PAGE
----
U.S. Water News Online
CHATTANOOGA, Tenn. -- Gov. Don Sundquist has signed into
law an act that increases Tennessee's control over its own waterways,
giving the state the authority to transfer water from one river basin
Sundquist signed the Inter-Basin Water Transfer Act at a ceremony
Proponents of the act say the regulation is needed because of
rapid growth in Atlanta, which could eventually turn to the Tennessee
River at Chattanooga as a source of water.
The act, which Sundquist has called a precautionary measure,
requires any new transfer of water from one river basin into another
to be approved by the Department of Environment and Conservation.
The transfer requests are rare but are expected to increase as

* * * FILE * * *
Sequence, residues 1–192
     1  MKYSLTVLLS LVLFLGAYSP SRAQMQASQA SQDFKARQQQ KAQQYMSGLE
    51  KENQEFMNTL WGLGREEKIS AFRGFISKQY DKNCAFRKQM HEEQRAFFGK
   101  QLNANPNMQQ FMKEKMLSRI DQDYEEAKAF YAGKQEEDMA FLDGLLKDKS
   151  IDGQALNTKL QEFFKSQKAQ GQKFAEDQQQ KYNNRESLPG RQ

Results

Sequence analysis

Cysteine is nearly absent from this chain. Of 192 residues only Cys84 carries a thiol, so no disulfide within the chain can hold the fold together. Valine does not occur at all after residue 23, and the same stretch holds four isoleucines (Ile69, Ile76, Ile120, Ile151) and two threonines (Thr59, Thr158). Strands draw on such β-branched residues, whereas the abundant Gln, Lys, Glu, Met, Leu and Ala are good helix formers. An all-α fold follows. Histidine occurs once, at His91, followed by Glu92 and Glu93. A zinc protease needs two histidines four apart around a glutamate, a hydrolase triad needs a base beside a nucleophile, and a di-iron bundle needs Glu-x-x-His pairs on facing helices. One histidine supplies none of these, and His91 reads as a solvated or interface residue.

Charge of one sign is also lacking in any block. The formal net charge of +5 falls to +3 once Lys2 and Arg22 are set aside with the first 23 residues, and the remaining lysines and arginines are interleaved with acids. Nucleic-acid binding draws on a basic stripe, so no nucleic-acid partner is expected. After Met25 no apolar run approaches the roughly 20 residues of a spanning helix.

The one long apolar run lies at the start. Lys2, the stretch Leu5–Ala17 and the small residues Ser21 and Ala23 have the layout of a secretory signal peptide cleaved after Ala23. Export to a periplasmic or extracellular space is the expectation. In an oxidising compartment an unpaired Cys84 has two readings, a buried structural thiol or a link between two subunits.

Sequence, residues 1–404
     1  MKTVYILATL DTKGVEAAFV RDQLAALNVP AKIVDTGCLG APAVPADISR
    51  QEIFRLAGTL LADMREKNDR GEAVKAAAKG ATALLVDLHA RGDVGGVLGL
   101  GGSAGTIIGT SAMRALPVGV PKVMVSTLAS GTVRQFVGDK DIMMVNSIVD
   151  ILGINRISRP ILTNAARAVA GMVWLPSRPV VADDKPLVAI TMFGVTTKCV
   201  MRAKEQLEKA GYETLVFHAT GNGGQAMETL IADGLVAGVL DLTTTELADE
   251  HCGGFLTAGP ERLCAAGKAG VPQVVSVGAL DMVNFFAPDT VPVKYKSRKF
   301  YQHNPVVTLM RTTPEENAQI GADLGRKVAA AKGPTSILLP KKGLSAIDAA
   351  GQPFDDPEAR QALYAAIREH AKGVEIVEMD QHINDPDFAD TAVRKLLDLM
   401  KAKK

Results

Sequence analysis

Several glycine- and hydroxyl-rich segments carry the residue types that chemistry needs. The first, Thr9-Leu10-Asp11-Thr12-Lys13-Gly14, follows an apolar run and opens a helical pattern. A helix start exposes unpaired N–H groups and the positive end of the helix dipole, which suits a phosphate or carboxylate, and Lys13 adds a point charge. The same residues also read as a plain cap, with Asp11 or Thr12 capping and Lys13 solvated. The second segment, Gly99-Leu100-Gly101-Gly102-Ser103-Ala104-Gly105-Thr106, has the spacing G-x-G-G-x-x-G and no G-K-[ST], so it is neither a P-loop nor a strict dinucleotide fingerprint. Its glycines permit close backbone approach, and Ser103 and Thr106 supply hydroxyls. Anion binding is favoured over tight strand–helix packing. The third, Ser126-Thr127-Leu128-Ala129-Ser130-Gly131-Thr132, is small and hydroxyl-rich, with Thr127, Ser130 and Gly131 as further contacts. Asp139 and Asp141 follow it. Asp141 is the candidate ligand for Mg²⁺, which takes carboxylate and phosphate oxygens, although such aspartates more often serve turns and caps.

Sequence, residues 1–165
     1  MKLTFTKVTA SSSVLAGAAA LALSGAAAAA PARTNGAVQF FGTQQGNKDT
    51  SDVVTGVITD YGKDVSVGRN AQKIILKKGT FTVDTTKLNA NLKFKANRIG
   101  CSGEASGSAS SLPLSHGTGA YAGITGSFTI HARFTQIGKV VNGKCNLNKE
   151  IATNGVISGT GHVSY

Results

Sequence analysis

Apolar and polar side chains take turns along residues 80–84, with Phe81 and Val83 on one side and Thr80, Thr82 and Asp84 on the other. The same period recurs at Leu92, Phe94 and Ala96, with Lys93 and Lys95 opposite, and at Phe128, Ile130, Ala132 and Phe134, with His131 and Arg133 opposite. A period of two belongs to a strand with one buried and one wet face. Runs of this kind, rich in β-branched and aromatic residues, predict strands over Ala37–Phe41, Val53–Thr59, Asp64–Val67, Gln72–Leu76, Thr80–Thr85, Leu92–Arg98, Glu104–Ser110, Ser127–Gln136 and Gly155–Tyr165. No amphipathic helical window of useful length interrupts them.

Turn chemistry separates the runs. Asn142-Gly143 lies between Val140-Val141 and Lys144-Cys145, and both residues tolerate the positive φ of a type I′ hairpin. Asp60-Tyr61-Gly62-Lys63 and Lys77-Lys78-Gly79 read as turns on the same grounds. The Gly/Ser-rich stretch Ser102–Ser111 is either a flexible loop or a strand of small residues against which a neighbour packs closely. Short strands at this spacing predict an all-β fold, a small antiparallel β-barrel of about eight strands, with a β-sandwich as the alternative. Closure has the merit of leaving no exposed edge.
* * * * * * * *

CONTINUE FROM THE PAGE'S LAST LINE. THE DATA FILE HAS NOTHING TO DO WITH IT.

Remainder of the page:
``This legislation helps restore our confidence that water will be
as available to Tennesseans in the 21st century as it has been for
the last 204 years,'' Sundquist said.
The bill would allow the department to take action to preserve
water during drought or other unusual occurrences.
The Tennessee Legislature passed the bill without dissent in May.
``Until this legislation passed, large volumes of water could be
legally diverted without determining whether it's in the interest of
every river user. Tennessee now has the protection it needs,'' said
Rep. Bill McAfee, R-Chattanooga. McAfee was one of the bill's
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